It's also suggested that you have a dedicated set of equipment for fermenting sour beers, since these strains are hard to get rid of and can survive between batches in the nooks and crannies of your brewing equipment and could potentially sour your next beer inadvertently. And finally, beware of bottling too early - since sour yeast strains can ferment for a long time and might put your bottled sour under a lot of pressure. Depending on your timing and choice of yeast, you may have some bottle bombs to contend with. That's not something you want to wake up to in the middle of the night (just ask Agent Hank Schrader).

        More info on brewing sours here and check out our list of micro-brewing kits here.

        A few sour beers to try

          There are many different styles of sour beers, from lambic to American wild ales, flanders red ale, Berliner weisse, gose, and more, so if you’re just starting your sour journey, keep that in mind. The typically fruity flavors vary wildly with dominant tones of vinegar to earthiness to tang. But here are a few (maybe local for you) picks from us to get you started:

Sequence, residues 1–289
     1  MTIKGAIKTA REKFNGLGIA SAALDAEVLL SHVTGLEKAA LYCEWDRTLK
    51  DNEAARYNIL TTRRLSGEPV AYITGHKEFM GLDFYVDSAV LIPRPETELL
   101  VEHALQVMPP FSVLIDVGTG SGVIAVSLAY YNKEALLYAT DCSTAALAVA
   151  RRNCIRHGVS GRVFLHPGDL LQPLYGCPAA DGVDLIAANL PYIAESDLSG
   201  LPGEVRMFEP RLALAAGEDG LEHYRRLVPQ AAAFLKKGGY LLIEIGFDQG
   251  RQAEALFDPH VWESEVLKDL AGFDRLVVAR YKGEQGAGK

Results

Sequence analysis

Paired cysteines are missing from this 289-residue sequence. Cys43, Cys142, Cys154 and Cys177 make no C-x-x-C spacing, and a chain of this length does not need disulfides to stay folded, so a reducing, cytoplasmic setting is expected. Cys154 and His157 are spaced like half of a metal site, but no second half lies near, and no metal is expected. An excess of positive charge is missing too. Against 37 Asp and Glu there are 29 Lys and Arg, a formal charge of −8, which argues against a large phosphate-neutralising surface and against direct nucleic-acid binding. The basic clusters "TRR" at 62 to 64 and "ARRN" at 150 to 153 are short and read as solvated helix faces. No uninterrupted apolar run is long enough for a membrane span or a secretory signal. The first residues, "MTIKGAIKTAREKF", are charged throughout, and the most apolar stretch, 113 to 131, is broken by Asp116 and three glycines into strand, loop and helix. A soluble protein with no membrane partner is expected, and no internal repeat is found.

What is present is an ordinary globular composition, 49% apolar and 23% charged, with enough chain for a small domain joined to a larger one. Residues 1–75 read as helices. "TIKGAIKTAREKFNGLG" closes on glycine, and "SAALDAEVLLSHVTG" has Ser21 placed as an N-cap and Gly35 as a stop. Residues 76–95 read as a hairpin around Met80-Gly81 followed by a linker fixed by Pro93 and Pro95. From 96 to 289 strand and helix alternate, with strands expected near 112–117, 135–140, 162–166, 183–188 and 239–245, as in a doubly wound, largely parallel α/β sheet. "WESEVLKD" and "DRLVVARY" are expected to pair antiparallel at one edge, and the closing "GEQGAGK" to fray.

• Duck Duck Gooze, The Lost Abbey
          • Supplication, Russian River Brewing Company
          • La Roja, Jolly Pumpkin Ales
          • Prolegomena, Hill Farmstead Brewery
          • Oude Tart, The Bruery
          • Serenity, Wicked Weed
          • Sour Golden Ale, Backacre Beermakers
          • Atrial Rubicite, Jester King Brewery
          • Nightmare on Brett, Crooked Stave
          • Sang Rouge, Cascade Brewing

          Craft beer is such an exciting thing to explore. As a craft beer lover, you’ve got to be willing to let go of the railing (probably your IPAs) and discover what’s out there. Breweries are doing some very cool things right now—especially in the realm of sour beers. Let us know what your favorite sour beers are by tweeting to @boxbrewkits.

          September 17, 2015 by Mike Roberts